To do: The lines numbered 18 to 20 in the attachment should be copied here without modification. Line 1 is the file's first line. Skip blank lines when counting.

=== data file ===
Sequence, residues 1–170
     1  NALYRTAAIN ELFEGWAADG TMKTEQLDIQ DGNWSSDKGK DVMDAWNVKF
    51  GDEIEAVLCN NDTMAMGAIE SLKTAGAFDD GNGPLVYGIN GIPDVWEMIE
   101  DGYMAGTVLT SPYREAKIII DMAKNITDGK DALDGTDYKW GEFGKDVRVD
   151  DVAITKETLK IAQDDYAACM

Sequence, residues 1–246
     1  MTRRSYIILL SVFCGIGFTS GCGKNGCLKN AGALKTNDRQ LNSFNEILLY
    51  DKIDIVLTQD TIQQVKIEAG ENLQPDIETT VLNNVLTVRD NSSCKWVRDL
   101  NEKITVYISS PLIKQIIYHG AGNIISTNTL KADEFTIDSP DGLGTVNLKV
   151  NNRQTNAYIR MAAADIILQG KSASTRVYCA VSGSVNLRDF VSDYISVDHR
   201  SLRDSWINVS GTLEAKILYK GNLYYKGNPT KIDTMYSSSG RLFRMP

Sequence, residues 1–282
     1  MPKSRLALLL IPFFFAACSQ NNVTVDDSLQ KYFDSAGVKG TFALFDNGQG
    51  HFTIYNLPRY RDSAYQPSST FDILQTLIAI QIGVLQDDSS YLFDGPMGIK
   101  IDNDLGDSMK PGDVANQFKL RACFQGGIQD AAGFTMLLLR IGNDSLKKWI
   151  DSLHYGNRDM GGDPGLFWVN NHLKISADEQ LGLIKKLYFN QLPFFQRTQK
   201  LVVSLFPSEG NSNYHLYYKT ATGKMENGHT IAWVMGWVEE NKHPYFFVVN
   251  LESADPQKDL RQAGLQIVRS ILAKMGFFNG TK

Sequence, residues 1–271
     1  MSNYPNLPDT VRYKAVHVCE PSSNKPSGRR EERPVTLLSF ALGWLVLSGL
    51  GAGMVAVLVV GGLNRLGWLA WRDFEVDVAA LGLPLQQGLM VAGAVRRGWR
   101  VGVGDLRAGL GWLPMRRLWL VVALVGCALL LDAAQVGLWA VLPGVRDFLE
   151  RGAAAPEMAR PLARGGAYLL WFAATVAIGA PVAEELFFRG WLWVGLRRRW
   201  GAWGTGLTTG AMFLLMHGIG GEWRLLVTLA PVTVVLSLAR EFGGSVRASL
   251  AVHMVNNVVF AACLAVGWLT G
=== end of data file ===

   251  LESADPQKDL RQAGLQIVRS ILAKMGFFNG TK

Sequence, residues 1–271
     1  MSNYPNLPDT VRYKAVHVCE PSSNKPSGRR EERPVTLLSF ALGWLVLSGL